Thanks to deals signed on Monday alone, another $17 billion is set to change hands in the hyperacquisitive drug business, a single-day record that closes out a bracing quarter for buyouts. But with industry titans paying ever-higher prices for a shrinking number of assets, how long can the good times roll?
Fujifilm has dipped into its multibillion-dollar cache of buyout cash for the $307 million it needed to acquire Cellular Dynamics International, one of the pioneers in the stem cell research business.
Shire is an acquisitive company with a focus on rare diseases. BioMarin fits the same description. A blog post that, by its own admission, "might be codswallop," reported that the former is considering buying the latter. And those three facts combined to send the shares of BioMarin, far from a penny stock, up as much as 15% on Friday, illustrating how the biotech boom has changed Wall Street's perception of the drug industry.
Gastro drug developer Synergy Pharmaceuticals is considering putting itself up for sale, Bloomberg reports, perhaps emboldened by the high price secured by competitor Salix Pharmaceuticals.
Antech Diagnostics, the lab division of veterinary hospital chain VCA, has agreed to buy the assets of Abaxis' Veterinary Reference Laboratory for $21 million in cash.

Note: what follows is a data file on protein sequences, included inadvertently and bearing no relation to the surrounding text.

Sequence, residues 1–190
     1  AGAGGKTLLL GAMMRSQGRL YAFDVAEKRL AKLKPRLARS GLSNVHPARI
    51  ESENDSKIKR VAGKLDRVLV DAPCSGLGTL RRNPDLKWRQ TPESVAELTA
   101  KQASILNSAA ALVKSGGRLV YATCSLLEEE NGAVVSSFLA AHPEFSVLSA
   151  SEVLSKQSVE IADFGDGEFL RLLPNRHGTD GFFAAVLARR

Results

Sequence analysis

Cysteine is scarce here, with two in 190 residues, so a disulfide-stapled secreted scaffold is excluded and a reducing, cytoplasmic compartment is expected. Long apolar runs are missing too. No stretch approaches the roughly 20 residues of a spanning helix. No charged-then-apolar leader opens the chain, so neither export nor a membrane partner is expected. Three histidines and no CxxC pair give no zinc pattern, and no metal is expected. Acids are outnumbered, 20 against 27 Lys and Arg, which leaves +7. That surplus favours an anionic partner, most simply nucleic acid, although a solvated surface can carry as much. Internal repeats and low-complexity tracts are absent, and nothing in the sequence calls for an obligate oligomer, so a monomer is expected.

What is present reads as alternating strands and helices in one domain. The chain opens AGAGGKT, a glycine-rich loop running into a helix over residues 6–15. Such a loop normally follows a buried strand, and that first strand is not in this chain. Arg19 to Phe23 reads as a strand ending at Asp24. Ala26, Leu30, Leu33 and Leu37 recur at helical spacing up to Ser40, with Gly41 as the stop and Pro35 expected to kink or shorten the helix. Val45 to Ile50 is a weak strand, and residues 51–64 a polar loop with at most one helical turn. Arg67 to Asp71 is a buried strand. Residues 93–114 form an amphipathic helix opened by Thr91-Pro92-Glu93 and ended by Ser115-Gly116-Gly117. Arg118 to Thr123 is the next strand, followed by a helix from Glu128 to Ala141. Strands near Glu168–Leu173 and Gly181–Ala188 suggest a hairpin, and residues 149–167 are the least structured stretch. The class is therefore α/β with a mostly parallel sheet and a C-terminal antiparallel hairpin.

Orphan drug biotech Retrophin is the new owner of an FDA-approved rare disease treatment and a potentially lucrative voucher for a future speedy review thanks to a $75 million buyout agreement.
Kite Pharma, a leader among companies in the fast-moving field of cancer immunotherapy, is expanding its arsenal of potential treatments and making European landfall with a biotech buyout.
Respiratory biotech Pulmatrix is taking an end-around path to the public market, signing a deal to merge with tiny Ruthigen to better fund its pipeline of inhalable treatments.
Pershing Square Capital Management recently took a 5% stake in Valeant Pharmaceuticals in what some Wall Street insiders say is the opening salvo in what could be an eventual merger between Valeant and animal health giant Zoetis.
Ember Therapeutics, a Third Rock Ventures-founded biotech startup that closed its doors late last year, is getting a second chance thanks to a small New York drug developer.